Landlord generosity, an example.

Rental markets for working people are investments in fixed resources -- for this market to contract, housing prices would have to fall to the point where some renters would buy their apartments outright.  But falling prices for small apartments and falling rents are the same thing.  If the number of apartments does not contract  (that is, if the landlords are all unwilling to leave any apartments empty in order to drive up prices), then n% is 100% -- the price of rent falls until the renters can again afford it.  Perhaps the landlords can changing the renters' preference p% for apartments over other goods and services slightly, but probably not by the entire value of the renters' loss of income.  One could imagine gamblers a,b,c,...z who rent houses A,B,C...Z, where the houses are ranked from the nicest to the worst.  If all the gamblers loose, they should all spend less on their housing.  gambler z moves out into the street; gambler y moves to apartment Z, and so on, leaving apartment A free. One gambler has won; gambler g moves out of the apartments all together.  Gambler g might rent apartment A (which is now vacant) or might buy (it).  The fact that one apartment now stands empty forces rents down until gamblers a,b,c,d,e,f,h...z move back into apartments B...Z, at lower rent.  In fact, if rent is the only fixed resource which the renters are consuming, then all their other consumption decreases should be met by contractions in those markets, causing all those prices to be fixed.  Only their rent will diminish, and their rents should be lowered by exactly r% of their gambling losses.

Economic rent:

It may seem unfair to the landlords that they pay for someone else's gambling habits, and pay at 80% !  Of course, if the landlords were collecting only the value of the stream of services provided by an apartment (those services including shelter, safety, rest, showers, space to cook and eat hot meals, etc.) then they would charge an inflexible price -- below this price, it is cheaper to them to leave the house vacant than to let you grind dirt into the nice floors, cause fire hazards with your candles, shoot up the place, burn the furniture, drive wheelbarrows through the hedges and operate a meth lab in the bathroom or whatever else turns your fancy but runs down an apartment.  The price of an apartment would equal the expected costs of upkeep, plus some interest on the investments (the furniture in a furnished apartment, in addition to the cost of upkeep, cost the landlord the chance to invest elsewhere, so the landlord very reasonably expects to get a return on that investment).  But, in addition, there is some "economic rent" earned by those with deeds to municipal property because land in a city is scarce, and since cities are profitable.  The fact that the city has become more profitable is information that the landlord only learns when commercial and housing rental prices per square meter rise.  It seems, from what I read in economics, that the price of rent includes economic rent on very valuable municipal property.  Economic theorists have proposed that a city which increases its property tax and decreases its income tax would free the marketplace of some inefficiencies (caused by income tax, but not caused by property tax, basically because income tax operates "at the margin" where it kills all transactions which would be marginally efficient without it).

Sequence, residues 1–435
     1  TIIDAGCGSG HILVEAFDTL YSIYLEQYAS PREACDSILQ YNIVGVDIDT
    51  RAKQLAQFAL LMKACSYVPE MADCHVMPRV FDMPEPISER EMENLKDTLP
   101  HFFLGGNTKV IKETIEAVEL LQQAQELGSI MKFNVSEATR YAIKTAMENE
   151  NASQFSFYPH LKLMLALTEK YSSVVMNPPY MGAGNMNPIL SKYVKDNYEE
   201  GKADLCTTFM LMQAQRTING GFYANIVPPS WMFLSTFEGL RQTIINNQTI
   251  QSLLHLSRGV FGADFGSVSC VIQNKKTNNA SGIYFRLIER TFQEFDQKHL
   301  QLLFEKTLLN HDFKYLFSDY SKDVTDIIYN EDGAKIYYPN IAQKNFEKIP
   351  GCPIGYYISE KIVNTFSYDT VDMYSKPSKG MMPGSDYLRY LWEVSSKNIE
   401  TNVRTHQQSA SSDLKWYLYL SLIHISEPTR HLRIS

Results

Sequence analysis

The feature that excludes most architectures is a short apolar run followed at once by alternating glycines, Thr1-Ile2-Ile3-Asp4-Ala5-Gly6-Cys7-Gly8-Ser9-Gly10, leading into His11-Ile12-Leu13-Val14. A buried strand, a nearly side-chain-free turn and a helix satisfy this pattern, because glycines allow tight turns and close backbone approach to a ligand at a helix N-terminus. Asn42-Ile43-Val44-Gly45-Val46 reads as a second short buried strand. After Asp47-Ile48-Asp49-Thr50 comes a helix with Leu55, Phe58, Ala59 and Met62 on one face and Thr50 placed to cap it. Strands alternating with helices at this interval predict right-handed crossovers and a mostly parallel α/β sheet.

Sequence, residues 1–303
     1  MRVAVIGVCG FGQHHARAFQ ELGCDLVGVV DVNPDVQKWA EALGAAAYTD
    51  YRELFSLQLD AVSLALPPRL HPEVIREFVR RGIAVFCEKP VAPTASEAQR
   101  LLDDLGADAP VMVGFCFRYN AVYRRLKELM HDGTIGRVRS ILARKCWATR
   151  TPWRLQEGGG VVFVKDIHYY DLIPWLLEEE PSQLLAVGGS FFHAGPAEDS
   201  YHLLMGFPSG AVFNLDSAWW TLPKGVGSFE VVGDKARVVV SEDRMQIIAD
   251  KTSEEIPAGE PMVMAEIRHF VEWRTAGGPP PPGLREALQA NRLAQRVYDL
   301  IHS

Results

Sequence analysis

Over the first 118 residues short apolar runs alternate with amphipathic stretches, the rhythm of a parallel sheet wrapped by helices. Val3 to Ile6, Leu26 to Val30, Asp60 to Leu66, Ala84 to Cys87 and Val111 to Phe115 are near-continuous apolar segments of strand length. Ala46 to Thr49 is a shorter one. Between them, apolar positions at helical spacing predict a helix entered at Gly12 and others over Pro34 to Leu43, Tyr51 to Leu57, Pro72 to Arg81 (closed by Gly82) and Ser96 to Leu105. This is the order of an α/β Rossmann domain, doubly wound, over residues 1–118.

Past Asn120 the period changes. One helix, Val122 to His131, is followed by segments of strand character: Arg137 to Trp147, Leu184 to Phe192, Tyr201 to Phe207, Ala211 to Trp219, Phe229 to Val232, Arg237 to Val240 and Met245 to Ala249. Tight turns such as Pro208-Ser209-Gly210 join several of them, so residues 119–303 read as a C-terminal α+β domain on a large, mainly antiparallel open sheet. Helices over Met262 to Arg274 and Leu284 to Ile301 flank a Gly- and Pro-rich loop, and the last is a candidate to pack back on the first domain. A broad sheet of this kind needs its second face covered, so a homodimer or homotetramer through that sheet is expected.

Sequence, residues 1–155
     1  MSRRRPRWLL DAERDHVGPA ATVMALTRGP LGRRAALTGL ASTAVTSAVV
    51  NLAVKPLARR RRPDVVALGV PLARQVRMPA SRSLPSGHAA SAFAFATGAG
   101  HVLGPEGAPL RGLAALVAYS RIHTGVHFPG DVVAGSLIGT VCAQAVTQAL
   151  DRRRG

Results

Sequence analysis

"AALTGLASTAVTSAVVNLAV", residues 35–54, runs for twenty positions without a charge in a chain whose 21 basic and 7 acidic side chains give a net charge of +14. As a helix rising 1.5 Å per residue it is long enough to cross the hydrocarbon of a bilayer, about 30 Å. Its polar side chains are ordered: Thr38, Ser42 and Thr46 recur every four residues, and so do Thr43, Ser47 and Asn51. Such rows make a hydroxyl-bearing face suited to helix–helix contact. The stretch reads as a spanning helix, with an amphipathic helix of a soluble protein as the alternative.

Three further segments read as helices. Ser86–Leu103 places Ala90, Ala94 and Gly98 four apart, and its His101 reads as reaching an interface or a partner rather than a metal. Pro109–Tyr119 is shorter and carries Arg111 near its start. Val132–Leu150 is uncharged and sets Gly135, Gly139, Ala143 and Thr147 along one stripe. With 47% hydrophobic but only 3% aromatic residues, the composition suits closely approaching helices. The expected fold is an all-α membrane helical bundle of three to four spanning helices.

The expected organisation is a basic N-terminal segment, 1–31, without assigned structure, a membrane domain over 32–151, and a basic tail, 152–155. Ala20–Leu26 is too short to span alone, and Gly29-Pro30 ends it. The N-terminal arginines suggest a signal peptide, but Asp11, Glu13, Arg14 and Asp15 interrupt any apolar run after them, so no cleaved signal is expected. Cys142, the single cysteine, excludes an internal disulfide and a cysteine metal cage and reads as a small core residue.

Differential rent:  Do landlords capture workers' expected profits?